Does the Anantara Spa deserve its title of Thailand’s Best Hotel Spa 2017? We find out
One of Bangkok’s greatest assets is its sheer number and diversity of wellness venues. From tiny massage parlours to lavish spa retreats, there’s something for every taste and budget. And new ones seem to pop up all the time. So much so that there’s probably a spa round every corner. So much so that older establishments sometimes get forgotten in the chase for shiny objects.
Old is gold, surely? For Anantara Spa, that’s literally the case – gold leaf is involved in its treatments. But more on that later. The hotel that it is contained in – the Anantara Siam Bangkok Hotel – is also gold, having gone through a recent US$20 million refurbishment).
The 35-year-old property is the chain’s flagship hotel in the capital, and one of the city’s most storied. More importantly, Anantara Spa scooped up the title of Thailand’s Best Hotel Spa at the World Spa Awards 2017.
I stayed there recently and part of my package involved a signature spa treatment. I was powerless to resist.
So at the appointed time – 10 am on a Tuesday in May – I made my way to Anantara Spa. It’s located on Level 2 of the hotel, the same level as the outdoor pool.
After signing in, I was given a welcome drink and a refreshing cold towel. A nice touch if you’re coming in from the oppressive heat of Bangkok’s summer, but a bit lost on me. I had just ambled down from my comfortably air-conditioned room.
My treatment was pre-arranged. It was the Siam 2482 (THB4,900; RM612), a 90-minute massage that incorporates healing traditions from Thailand, Myanmar, Laos and China.
My therapist led me down a series of long, narrow passageways. It was like a rabbit warren. I would have gotten lost had I been left to my own devices.
Gauzy linen curtains greeted my arrival into the treatment suite. They billowed in the breeze (OK, aircon draft), creating an ethereal effect. It felt like I was entering a harem.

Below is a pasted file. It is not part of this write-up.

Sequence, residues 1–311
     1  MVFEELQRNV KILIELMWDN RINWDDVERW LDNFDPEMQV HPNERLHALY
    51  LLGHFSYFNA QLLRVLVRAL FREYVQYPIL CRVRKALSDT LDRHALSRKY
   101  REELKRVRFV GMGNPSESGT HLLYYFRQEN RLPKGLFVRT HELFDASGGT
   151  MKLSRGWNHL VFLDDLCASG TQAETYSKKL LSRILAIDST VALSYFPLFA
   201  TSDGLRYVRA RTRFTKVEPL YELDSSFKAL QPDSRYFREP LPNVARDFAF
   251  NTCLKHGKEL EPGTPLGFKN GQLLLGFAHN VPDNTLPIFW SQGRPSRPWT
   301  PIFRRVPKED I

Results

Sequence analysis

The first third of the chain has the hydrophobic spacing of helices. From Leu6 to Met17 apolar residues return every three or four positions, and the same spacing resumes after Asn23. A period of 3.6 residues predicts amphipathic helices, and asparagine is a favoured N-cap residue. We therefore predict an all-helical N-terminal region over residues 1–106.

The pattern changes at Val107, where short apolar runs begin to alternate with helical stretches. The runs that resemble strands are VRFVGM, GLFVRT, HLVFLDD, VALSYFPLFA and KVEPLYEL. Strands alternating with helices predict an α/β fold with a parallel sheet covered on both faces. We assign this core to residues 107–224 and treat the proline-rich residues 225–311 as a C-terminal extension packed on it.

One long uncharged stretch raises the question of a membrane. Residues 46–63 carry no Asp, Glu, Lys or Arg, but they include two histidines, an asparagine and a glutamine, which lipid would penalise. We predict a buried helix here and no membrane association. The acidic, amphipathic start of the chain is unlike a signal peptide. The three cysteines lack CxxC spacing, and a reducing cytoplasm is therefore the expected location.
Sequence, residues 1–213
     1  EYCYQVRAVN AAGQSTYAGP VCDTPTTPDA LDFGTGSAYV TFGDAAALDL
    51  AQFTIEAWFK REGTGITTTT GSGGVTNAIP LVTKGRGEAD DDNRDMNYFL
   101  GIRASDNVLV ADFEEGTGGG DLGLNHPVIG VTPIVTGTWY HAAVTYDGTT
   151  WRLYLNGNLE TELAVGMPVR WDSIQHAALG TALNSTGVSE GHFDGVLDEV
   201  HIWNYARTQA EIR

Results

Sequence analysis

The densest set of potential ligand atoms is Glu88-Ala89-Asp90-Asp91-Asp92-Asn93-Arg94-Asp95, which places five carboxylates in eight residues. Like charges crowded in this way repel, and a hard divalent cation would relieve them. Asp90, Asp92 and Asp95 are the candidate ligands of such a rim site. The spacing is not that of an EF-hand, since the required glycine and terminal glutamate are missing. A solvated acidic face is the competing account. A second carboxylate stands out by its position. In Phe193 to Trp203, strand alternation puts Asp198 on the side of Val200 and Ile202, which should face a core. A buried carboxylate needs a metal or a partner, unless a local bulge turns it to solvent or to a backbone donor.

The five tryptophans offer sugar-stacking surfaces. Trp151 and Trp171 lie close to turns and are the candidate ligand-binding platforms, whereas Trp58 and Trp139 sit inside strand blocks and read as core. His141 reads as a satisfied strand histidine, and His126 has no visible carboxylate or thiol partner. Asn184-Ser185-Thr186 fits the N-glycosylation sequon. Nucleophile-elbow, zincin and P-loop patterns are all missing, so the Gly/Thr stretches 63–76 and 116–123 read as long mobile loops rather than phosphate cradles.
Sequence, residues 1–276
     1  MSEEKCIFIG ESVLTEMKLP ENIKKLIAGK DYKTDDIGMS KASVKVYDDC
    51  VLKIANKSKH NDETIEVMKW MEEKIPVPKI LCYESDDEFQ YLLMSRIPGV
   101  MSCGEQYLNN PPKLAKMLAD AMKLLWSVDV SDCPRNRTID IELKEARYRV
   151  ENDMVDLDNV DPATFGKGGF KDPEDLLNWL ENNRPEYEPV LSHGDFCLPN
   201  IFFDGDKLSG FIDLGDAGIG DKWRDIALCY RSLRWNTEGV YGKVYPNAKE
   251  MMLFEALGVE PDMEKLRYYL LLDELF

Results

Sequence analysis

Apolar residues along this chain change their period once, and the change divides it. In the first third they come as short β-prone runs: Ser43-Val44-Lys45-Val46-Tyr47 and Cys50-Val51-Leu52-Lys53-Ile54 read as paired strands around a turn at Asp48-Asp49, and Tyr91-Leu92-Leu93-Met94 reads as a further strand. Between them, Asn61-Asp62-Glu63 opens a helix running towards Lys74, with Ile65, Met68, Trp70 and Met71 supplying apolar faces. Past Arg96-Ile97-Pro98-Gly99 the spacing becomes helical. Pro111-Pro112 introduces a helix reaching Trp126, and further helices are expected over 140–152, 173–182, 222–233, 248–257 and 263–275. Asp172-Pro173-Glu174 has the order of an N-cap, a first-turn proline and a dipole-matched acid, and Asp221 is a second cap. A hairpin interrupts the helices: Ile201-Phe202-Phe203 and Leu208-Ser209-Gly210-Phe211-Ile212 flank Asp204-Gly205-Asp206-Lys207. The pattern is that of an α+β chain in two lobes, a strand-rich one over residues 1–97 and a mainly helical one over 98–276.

I say “suite” because it’s the size of a small apartment (a good 50sq.m by my estimates), complete with wardrobe and changing area, shower, WC, lounge, double massage beds and a soaking tub.
You could swing a few cats in the changing area alone. There was a cupboard with a small lockable drawer to stash your valuables, a dressing table and mirror, and a small sink.
My treatment began with a foot bath in the lounge area. The warm bath was filled with kaffir lime leaves, kaffir limes and lemongrass – all (delicious) local ingredients. My feet were given a scrub, followed by a herbal compress, and then an invigorating peppermint spritz. They received more pampering that my entire body at lesser spas I’ve been to.
Then it was on to the massage area.
With muzak interspersed with birdsong playing in the background, I slumped onto the massage bed face-down, discovering that it was the most comfortable mattress I had ever laid on in a spa. It was the Goldilocks Principle of mattresses: firm but gently yielding, neither too soft nor too hard. Just right.
And then there was the headrest. Padded and wrapped in terrycloth, it bolstered my face in a soft embrace. How could I ever go back to regular headrests? #firstworldproblems, for sure.
My therapist then proceeded to perform a bamboo stick massage – using rolling pin-on-dough strokes – to stimulate my circulation. I’ve never had this type of massage before, so the sensation was novel. It turns out the bamboo stick wasn’t a torture device after all.
She also used stretching and pressure point techniques to aid my energy flow and improve my flexibility. This was followed by a herbal compress, a herbal oil massage, and foot reflexology. The herbal compress was deeply relaxing, like a warm hug.
My body had more knots than a classic sailing ship. But my experienced therapist found them all and worked them out. With deftness, I might add. Ah, massage therapists. The unsung heroes of the world.
Ninety minutes was over too soon. But just when I thought the treatment had ended, there came a surprise.
My therapist placed gold leaf patches on my left arm and left side of my chest. It’s a mindfulness ritual that encourages the quieting of the mind. I don’t practice mindfulness, but I sure felt special – like receiving a gold star. In fact I wanted to give a gold leaf patch to my therapist for doing such a good job.
After getting dressed, I was ushered into a rest area, another room within the cavernous Anantara Spa. Plushly decorated with Thai silk-panelled walls, tasselled pillows and gold accents, it was fit for a King.
I liked that it was a separate room and not a corner of the reception area, like in some spas. I could relax behind closed doors and not be interrupted by incoming spa-goers.
The proceedings came to a close with a serving of hot tea and nibbles. I devoured the lot quickly, just in case I got too comfortable and dozed off.
Anantara Siam Bangkok Hotel
155 Ratchadamri Road
Khet Pathum Wan
Tel: +66 2 126 8866